Geologic analysis of coal beds and associated rocks, estimation of methane content and potential based on coal, oil, and gas drill holes in the San Juan River Coal Region, Southwestern Colorado. 56 pages. 14 figures. 1 table. 6 plates (1:125,000). Digital PDF download. OF-80-02D
Excerpted from the Abstract:
The deepest, highest ranking and probably gassiest coals in the San Juan River coal region of southwestern Colorado are found in the 100 mile (mi) wide San Juan Basin of Colorado and New Mexico. The thickest and most continuous coal beds in the basin are found in the Cretaceous Fruitland Formation.
Logs from 231 petroleum exploration drill holes were used to produce the following: a Fruitland Formation isopach, a Pictured Cliffs structure map, Fruitland Formation net coal and net sand isopachs, and Fruitland coal percentage and sand percentage maps. Of the 231 holes, 8 produced natural gas from sandstones in coal bearing zones, 5 were production tested in mixed sandstone and coal intervals (one well had an initial production of 1.6 MMCFGPD), and 5 were drill stem tested in coal bearing zones (one flowed 1 MMCFG in 35 min).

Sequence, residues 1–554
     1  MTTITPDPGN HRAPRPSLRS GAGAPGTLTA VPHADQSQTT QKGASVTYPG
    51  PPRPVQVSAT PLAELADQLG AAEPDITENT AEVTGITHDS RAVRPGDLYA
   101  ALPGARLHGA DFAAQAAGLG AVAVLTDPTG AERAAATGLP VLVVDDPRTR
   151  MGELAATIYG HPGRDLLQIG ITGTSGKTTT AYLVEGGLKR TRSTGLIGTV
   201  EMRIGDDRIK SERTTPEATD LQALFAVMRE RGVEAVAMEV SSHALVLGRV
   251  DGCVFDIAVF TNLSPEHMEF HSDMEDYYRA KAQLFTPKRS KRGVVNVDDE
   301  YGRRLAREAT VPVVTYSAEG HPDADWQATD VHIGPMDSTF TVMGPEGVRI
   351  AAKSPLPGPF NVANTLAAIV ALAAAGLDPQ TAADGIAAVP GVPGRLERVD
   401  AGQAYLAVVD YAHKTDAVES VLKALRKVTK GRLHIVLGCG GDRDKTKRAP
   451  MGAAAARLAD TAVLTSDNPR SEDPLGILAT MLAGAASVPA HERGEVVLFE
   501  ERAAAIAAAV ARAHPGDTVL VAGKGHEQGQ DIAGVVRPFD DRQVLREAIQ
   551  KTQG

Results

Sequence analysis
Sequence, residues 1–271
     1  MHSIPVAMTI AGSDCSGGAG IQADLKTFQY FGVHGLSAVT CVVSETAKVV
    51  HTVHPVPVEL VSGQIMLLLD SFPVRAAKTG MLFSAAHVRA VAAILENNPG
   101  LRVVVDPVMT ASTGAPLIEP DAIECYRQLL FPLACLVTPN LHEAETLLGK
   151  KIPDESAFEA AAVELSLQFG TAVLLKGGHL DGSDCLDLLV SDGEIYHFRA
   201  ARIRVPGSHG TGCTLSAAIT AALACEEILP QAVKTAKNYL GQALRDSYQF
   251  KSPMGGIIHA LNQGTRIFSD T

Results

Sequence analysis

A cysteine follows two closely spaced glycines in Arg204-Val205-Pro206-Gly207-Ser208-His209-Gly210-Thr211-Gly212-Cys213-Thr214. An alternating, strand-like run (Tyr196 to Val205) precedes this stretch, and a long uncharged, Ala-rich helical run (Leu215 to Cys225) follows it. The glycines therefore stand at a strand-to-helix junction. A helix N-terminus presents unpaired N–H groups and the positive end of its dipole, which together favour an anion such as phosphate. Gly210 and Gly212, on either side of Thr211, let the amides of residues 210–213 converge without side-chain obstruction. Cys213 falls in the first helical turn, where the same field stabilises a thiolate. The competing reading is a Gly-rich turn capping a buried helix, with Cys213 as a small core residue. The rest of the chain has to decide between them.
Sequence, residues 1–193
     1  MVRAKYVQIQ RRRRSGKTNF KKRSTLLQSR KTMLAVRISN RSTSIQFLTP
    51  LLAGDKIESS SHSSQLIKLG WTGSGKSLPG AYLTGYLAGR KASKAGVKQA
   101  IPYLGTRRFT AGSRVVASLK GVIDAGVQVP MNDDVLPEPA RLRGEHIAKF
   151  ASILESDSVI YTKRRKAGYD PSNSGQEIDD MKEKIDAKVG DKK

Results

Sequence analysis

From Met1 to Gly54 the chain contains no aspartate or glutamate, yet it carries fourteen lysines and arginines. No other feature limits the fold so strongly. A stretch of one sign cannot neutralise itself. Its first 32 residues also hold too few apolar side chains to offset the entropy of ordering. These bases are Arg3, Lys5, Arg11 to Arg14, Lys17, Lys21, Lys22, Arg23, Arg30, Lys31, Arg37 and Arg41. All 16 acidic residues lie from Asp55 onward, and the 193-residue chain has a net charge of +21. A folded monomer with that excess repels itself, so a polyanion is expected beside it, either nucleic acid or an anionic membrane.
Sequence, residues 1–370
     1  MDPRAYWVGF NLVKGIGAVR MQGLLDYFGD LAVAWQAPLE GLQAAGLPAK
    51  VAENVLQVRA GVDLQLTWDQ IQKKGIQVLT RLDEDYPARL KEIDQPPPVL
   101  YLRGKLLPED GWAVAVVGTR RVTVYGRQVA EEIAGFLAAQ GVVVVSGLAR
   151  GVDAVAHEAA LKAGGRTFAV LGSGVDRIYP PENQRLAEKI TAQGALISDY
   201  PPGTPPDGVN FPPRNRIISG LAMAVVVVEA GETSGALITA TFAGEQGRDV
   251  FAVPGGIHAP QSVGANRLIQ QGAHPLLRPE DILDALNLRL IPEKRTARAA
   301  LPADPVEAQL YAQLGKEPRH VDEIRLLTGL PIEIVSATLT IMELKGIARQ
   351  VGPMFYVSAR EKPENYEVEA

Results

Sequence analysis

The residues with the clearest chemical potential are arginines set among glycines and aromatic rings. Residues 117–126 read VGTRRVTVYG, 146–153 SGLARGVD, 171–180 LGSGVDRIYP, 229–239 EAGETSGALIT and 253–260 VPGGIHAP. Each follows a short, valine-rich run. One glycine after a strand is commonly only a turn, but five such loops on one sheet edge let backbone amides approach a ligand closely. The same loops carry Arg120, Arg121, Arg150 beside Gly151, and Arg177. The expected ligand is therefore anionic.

The authors calculate 19.7 billion tons of coal are present in the study area. The coals are ranked high-volatile B (hvB) and high-volatile A (hvA) with local upgrading to medium-volatile (mv). Comparing gas contents of Cretaceous Raton Mesa coals to San Juan Basin coals, a gas potential exists ranging from 72 to 514 cubic feet/ton. The authors estimate a gas resource in the study area ranging from 1.4 to 10.0 trillion cubic feet.